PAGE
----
If newly installed State Senate Majority Leader John Flanagan (R-East Northport) is really serious about his educational reform agenda, then there are many avenues that must take priority ["The unexpected Senate leader," News, May 17].
First would be the reduction of the 124 Long Island school districts into, for the sake of argument, one for each town. If superintendents are paid about $250,000, and each district has two assistant superintendents at about $160,000 each, the savings would run to the millions. Add to this coordinators, administrators and other staff, and more savings could be realized.
Next, Flanagan should support the Common Core and its associated testing. Education and assessment are neither parent-centric nor teacher-centric. Subject matter requires uniformity for the majority of students. Associated examinations can be used to determine both subject mastery and teaching effectiveness over a large base. Of course, the results must be part of a student's grade, not simply measurement tools.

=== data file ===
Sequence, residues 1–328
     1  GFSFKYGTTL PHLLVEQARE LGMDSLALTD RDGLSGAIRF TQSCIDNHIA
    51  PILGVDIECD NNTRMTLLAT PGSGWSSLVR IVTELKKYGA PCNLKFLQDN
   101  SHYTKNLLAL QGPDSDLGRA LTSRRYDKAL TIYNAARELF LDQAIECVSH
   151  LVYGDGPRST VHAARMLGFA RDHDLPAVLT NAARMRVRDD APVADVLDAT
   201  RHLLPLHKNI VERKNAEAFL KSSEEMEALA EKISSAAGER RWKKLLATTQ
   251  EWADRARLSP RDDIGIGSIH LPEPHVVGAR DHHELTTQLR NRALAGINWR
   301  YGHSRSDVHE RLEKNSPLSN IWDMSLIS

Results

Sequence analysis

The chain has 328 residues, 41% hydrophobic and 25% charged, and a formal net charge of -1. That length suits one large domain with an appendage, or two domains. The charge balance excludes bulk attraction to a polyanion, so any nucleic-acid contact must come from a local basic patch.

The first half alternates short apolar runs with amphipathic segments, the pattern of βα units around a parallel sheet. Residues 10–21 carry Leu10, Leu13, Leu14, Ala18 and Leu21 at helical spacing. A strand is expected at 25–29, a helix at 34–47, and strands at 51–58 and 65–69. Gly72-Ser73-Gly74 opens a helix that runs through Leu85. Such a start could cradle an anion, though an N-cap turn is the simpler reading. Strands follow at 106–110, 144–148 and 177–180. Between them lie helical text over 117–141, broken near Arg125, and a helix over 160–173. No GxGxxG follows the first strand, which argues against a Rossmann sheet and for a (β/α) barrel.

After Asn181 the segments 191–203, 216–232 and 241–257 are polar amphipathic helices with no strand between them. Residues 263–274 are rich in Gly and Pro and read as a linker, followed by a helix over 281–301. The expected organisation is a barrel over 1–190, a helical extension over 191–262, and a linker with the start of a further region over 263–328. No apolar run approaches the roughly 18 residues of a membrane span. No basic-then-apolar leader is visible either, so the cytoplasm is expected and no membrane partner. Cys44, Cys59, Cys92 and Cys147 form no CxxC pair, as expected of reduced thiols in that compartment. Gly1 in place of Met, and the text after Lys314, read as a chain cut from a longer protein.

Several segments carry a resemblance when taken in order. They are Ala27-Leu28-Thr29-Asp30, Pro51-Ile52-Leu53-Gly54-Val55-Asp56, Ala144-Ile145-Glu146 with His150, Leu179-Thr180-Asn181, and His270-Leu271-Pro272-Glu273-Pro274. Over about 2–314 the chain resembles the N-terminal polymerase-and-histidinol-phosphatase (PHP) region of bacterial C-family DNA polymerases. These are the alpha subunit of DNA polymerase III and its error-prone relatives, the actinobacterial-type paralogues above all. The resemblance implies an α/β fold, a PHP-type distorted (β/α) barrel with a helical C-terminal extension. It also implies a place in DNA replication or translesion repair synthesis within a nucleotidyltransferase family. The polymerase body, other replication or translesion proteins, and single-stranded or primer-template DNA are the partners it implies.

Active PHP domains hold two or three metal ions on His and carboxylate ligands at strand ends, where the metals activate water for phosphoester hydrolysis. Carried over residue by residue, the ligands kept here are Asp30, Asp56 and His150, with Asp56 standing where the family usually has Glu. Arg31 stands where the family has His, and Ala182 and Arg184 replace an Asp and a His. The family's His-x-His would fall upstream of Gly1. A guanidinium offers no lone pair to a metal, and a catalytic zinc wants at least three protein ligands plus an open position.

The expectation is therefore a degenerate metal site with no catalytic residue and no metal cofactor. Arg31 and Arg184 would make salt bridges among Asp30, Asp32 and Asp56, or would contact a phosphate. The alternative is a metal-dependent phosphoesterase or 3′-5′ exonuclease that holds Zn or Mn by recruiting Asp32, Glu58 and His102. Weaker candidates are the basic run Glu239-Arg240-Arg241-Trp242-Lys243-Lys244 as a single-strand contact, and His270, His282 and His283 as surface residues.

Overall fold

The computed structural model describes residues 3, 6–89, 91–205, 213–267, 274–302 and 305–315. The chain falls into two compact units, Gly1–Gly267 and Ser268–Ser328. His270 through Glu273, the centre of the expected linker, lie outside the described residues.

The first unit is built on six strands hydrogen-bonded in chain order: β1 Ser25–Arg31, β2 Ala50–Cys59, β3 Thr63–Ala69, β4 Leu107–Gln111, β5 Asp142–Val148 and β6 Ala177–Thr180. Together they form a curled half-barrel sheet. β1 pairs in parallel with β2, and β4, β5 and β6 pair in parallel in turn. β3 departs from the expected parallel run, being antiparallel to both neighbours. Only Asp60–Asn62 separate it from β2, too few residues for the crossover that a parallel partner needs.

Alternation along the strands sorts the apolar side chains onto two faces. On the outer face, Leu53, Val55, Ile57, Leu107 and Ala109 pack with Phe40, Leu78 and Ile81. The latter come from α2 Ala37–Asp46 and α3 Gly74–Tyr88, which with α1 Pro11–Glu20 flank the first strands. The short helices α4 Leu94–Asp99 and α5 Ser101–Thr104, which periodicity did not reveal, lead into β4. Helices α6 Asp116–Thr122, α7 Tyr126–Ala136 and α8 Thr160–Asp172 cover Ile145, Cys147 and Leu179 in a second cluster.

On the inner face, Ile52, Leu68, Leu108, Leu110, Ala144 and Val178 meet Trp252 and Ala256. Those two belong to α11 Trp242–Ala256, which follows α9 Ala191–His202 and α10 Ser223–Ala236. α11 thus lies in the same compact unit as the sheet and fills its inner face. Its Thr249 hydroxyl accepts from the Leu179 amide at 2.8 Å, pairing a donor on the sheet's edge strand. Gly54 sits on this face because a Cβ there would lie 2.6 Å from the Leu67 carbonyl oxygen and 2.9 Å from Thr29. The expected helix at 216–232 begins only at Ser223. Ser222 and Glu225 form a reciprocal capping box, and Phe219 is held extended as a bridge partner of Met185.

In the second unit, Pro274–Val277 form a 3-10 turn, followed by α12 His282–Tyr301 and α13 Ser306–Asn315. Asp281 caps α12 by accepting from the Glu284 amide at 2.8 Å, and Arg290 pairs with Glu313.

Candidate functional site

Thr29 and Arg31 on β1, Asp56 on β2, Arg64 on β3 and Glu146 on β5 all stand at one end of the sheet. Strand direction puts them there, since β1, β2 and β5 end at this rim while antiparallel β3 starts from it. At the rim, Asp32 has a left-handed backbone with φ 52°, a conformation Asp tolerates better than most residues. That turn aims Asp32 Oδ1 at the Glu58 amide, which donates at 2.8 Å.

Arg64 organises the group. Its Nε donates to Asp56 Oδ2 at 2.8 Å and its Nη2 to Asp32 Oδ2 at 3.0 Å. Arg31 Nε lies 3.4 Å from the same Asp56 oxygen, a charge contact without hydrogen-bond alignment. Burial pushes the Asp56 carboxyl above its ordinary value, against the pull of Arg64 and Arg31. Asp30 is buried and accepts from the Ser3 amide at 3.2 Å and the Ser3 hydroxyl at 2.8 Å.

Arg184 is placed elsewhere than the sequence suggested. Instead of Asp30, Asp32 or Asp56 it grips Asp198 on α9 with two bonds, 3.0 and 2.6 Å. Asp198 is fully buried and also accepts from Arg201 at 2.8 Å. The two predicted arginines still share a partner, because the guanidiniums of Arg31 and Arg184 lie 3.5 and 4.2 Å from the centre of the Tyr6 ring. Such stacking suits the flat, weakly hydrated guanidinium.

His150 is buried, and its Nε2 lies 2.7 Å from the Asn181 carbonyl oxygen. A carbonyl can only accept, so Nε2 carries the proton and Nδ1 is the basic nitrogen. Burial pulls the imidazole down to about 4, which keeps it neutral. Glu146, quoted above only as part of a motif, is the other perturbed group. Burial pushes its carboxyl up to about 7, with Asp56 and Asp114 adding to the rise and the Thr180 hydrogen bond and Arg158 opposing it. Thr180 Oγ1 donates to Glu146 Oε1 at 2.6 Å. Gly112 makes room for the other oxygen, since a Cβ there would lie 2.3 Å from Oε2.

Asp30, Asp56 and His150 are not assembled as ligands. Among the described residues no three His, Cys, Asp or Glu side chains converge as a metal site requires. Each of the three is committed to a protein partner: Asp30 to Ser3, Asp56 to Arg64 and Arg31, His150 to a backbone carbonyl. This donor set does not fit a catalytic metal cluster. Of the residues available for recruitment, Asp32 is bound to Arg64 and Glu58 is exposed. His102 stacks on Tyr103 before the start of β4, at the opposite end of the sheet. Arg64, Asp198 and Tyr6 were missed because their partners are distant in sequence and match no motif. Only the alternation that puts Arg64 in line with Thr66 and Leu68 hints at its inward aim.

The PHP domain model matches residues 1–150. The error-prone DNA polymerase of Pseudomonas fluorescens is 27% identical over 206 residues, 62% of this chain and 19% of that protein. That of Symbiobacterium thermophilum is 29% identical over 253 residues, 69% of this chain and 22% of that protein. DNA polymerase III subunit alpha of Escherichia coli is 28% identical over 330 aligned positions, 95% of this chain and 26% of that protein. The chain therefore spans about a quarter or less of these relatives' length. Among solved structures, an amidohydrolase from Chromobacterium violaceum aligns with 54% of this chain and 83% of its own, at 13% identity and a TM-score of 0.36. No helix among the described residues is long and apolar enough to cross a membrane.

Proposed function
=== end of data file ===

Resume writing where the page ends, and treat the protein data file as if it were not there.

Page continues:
Our country is pathetically low on the world totem pole of education. The failure of the educational establishment is obvious. Common Core, a nationwide initiative, is the first remedy to make any sense.
It requires improvement, and yes, it should have been introduced in stages, but it's essential to upgrading our less-than-stellar system.
Richard M. Frauenglass, Huntington